Samantha’s family emigrated to America from Mexico when she was only eight. Her mother fled from her abusive boyfriend, Samantha’s father, finding work in the small taqueria of a distant cousin. Samantha’s mother worked long hours, and the young girl was often left alone. As she grew older, she discovered a way to find the connection she desperately sought. All she had to do was offer her body to the boys. Sexting led to backseat encounters, which led to multiple partners in urban bedrooms. Shunned by the girls her age, Samantha found intimacy through sex alone. She could not have foreseen the dangerous addiction that would develop. As a young woman, she fought to break free of her sexual addiction.
Though she longed to be free, the connection between love and sex had been deeply engraved in her soul.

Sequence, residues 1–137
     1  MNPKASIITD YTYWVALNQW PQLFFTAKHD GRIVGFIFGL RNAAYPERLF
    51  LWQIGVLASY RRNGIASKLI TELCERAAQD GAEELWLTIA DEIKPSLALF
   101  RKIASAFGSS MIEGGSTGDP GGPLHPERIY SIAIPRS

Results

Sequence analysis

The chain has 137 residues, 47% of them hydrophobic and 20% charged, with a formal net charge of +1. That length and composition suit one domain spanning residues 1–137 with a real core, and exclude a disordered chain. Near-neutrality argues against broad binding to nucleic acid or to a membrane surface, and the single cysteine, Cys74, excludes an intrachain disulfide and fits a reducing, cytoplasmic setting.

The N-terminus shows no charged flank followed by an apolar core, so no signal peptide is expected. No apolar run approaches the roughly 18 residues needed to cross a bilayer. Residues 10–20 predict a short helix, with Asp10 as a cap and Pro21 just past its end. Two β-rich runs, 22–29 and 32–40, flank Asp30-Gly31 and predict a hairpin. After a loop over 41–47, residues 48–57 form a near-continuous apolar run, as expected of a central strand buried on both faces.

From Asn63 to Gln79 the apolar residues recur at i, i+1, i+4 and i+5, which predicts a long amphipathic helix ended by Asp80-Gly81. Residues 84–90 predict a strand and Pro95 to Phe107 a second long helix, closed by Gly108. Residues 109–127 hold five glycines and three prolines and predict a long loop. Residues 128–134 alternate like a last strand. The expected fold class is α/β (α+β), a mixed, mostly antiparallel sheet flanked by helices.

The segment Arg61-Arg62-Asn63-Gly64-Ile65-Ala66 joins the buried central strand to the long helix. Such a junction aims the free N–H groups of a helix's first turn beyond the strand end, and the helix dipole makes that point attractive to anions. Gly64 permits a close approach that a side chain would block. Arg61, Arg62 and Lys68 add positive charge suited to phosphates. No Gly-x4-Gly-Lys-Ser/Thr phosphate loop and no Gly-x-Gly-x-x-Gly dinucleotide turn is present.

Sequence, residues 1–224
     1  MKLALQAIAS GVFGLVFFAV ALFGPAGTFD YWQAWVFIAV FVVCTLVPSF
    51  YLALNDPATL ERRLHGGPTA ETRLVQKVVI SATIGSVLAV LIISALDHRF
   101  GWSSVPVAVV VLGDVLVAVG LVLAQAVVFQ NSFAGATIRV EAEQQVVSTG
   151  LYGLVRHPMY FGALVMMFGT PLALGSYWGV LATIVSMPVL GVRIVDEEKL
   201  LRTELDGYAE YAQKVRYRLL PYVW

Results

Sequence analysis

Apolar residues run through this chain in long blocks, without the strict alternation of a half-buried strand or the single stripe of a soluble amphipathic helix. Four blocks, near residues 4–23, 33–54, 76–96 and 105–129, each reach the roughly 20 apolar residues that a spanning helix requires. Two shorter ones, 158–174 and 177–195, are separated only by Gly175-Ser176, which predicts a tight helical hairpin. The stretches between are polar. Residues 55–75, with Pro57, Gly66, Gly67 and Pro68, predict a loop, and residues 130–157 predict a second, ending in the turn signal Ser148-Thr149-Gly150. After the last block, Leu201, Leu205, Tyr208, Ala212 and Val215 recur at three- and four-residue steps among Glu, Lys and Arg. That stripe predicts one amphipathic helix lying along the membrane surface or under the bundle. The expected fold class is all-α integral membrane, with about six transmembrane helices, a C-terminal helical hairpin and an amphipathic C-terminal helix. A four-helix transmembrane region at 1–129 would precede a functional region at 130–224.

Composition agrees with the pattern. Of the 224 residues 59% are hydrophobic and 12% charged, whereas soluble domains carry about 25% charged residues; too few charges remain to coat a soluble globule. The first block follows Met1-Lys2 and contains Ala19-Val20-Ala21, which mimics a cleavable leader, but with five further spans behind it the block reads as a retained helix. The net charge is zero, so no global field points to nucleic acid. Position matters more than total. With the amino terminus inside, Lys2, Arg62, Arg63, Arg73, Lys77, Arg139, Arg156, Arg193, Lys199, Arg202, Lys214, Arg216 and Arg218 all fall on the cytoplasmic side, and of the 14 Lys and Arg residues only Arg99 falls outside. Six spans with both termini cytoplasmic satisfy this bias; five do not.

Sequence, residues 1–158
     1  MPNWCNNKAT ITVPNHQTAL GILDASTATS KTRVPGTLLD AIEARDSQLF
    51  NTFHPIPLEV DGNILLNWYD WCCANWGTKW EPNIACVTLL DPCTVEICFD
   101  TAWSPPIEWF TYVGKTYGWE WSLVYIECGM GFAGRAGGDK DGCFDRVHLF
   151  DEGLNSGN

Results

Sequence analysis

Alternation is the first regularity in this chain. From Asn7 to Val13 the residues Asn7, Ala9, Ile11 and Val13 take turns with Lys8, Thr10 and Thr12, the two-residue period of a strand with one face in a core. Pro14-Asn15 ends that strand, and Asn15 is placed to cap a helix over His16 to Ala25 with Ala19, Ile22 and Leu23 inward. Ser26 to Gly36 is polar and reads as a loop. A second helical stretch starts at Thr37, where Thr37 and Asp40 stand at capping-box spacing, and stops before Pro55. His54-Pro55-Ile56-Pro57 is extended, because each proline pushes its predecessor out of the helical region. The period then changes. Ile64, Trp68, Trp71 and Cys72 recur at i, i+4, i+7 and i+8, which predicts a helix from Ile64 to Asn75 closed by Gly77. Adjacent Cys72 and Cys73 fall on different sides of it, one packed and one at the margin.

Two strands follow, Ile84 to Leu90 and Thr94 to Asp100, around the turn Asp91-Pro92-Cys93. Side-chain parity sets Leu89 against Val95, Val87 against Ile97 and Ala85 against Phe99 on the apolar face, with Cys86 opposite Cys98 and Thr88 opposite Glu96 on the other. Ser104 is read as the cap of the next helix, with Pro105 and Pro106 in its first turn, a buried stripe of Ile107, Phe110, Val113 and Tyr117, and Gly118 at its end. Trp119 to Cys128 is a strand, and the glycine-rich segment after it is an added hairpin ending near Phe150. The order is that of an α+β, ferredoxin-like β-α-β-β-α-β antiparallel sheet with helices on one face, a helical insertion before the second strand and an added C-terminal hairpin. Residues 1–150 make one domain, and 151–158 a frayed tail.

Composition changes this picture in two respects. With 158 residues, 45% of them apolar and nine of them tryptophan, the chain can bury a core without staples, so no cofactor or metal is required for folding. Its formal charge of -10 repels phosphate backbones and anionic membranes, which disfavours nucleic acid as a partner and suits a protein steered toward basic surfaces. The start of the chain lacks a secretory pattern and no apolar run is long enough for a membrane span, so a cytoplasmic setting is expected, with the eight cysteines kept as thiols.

A Woman with Many Husbands
It’s possible that Samantha and the Samaritan woman of John 4 had similar addictions. Maybe the Samaritan woman had five husbands and lived with one who was not her husband because she too had sought to fill her craving for love through offering her body to men. Maybe the Samaritan woman went to the well at noon, the hottest time of the day, because at that hour, she would not encounter the shaming whispers of the town’s women.
When the strange Rabbi asked the Samaritan woman for a drink of water, she was surprised…First, why would a Jew ask for a drink from a Samaritan woman (Jews hated Samaritans). And second, why would a man, a Rabbi no less, speak to a woman, a woman like her?
And what was this strange, “living water,” he spoke of? He said whoever drank of it would never be thirsty again. Oh, she knew about thirst. She had thirsted for love, and time after time, man after man, her thirst had remained unquenched. “The water that I give him will become in him a spring of water welling up to eternal life” (John 4:15). Yes, she longed for this water, water that would moisten her mouth and rinse her dusty soul…